A design depicting a huge cat has been discovered in Peru's Nazca Desert.
The new Nazca Lines etching shows a 120ft-long feline and lay undiscovered for nearly 2,000 years on a hill beside the Pan-American Highway that stretches all the from from Alaska to Argentina.
Archeologist Jhonny Isla, who is in charge of the management system for the Nazca-Palpa Archeological Park, said it has been found during work to improve an access to a visitor look-out point enabling people to view the giant figures that make up the famous and mysterious Nazca Lines.
He said: "We realised the access to the look-out point ran over a geoglyph and we decided to alter it because it's not possible to promote access by damaging heritage.
"The additional motive was that access was complicated and we wanted to make it safer. During that process, we realised there were lines that were definitely not natural.
"It might seem surprising that new designs are still being found, but we know there are more out there.
"In the last few years, the use of drones, which enable us to take images of the sides of hills, makes that possible."
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Peru’s Culture Ministry said in a statement: “The design was hardly visible when it was first identified and was on the verge of disappearing because it was on a hill with a steep slope and was subject to the effects of natural erosion.
“Over the past week cleaning and conservation work has taken place which has led to the emergence of the figure of a feline with its body side-on and its head facing forwards."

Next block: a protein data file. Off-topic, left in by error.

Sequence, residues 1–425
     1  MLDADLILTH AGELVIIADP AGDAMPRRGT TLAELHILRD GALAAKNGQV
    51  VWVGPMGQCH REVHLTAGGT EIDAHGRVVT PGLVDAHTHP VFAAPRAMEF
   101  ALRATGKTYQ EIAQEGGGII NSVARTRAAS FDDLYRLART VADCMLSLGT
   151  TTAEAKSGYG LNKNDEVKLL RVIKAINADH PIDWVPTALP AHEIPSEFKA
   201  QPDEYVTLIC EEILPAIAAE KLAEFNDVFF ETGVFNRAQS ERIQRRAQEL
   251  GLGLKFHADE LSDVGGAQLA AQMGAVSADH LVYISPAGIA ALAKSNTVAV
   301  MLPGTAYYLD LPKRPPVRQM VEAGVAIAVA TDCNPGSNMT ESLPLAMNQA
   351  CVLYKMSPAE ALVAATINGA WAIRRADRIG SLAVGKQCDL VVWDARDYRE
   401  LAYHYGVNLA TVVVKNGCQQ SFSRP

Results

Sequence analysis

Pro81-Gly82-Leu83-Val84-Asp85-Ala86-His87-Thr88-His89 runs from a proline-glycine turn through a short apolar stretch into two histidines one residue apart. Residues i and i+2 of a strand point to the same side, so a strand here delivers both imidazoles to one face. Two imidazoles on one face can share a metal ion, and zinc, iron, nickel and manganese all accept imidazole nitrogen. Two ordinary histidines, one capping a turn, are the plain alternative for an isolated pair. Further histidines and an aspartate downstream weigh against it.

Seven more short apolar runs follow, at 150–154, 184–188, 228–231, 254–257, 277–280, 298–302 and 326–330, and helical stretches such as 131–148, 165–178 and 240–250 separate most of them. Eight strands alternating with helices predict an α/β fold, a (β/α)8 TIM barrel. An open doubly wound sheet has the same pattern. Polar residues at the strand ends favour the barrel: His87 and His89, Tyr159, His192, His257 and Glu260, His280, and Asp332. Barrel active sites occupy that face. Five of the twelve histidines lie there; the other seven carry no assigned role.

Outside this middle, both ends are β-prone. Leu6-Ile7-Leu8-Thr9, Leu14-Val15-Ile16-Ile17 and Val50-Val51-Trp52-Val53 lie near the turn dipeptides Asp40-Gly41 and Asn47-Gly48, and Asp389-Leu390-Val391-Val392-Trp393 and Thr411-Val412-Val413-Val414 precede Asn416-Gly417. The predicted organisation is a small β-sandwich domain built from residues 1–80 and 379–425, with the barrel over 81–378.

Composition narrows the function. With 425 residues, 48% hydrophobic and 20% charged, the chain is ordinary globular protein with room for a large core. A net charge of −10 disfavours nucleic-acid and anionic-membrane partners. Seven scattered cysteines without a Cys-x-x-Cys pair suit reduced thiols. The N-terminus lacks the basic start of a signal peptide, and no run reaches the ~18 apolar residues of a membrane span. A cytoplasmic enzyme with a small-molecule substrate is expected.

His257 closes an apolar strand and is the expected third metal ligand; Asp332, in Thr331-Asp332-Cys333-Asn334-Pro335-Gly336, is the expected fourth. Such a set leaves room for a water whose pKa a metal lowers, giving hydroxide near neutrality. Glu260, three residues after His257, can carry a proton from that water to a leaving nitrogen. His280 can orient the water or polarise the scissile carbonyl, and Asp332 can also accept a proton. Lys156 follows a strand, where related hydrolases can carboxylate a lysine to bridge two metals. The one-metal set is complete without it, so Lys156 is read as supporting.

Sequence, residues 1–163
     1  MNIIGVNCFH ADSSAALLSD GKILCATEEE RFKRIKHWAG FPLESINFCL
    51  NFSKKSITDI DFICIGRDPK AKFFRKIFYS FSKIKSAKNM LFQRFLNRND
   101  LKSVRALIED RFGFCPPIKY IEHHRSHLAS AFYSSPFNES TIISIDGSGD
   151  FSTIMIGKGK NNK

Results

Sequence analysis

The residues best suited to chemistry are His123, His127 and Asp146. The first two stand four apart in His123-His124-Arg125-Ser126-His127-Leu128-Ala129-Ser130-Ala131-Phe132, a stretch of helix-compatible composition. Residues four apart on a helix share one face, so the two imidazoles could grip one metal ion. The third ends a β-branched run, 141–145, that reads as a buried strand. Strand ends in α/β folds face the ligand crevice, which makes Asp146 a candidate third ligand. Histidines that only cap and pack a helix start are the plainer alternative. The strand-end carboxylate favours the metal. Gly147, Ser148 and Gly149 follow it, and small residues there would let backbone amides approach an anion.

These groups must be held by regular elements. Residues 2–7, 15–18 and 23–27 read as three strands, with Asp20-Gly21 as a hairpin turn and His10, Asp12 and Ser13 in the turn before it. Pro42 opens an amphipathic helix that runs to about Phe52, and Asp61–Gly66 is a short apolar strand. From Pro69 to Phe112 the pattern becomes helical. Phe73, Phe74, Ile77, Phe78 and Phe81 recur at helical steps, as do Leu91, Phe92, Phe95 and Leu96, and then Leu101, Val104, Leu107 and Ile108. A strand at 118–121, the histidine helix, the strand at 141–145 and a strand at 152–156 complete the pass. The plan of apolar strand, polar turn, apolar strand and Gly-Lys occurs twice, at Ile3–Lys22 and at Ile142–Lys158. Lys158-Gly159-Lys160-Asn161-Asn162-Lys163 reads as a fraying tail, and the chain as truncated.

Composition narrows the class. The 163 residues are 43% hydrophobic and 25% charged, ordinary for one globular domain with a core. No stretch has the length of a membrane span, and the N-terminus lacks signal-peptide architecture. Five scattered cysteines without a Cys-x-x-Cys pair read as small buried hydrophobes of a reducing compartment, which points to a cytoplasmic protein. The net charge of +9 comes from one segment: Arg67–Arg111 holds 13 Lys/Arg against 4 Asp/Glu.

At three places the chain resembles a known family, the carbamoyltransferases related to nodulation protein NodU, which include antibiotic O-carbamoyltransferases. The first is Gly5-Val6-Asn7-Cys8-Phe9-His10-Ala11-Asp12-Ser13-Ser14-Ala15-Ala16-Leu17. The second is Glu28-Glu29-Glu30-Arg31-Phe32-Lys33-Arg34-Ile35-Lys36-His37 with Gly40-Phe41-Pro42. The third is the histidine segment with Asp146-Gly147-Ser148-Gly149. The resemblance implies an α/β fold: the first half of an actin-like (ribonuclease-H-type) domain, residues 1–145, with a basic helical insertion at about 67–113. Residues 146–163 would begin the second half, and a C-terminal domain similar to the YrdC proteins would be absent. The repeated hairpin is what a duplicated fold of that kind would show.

Officials have dated the design to around 200BC.
Last November, it emerged over 140 Nazca lines dating back around 2,100 years had been uncovered in the Peruvian desert.
The announcement was made by archaeologists at Japan’s Yamagata University following a 15-year research effort using satellite imagery, drone footage and artificial intelligence scanning systems.
They included a bird, humanoids, a two-headed snake and even a "killer whale".
The Nazca Lines, a UNESCO World Heritage site, were first discovered by archaeologists academically in 1927. Many are so big they can generally only be identified properly from the air.
It is believed they were created between 500BC and 500AD. They typically measure anywhere from 0.2 miles to 0.7 miles across.
Many depict humans, animals and plants.
Experts believe the lines, thought to have been made by the removal of rocky black topsoil to reveal light-coloured sand underneath, were used in ritual ceremonies and may have served as messages to the gods.
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